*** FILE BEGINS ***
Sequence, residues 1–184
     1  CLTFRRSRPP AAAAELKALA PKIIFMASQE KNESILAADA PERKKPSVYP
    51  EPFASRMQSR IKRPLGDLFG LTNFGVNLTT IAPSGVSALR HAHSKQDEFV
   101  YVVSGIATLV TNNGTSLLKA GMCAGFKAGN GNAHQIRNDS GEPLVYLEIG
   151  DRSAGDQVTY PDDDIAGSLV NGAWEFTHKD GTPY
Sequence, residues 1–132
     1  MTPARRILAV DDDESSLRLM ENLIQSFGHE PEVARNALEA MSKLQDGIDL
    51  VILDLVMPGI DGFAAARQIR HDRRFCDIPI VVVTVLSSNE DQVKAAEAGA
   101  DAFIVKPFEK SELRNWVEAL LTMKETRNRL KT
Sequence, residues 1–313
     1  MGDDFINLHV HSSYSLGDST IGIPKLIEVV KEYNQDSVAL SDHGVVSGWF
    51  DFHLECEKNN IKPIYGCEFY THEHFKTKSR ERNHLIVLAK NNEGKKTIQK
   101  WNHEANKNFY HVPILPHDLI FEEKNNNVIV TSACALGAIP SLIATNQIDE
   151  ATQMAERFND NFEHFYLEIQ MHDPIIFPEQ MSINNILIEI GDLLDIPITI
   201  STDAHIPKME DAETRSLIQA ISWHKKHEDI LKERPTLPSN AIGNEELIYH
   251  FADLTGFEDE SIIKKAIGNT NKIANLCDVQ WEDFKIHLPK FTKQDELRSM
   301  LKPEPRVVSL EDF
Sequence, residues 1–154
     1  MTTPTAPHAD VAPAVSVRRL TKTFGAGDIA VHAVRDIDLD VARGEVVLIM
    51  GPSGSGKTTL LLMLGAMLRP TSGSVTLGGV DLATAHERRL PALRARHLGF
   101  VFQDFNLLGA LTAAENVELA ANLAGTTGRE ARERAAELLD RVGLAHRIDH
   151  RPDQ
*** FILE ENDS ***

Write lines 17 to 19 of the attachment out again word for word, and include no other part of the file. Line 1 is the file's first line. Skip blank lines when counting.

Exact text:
   301  LKPEPRVVSL EDF
Sequence, residues 1–154
     1  MTTPTAPHAD VAPAVSVRRL TKTFGAGDIA VHAVRDIDLD VARGEVVLIM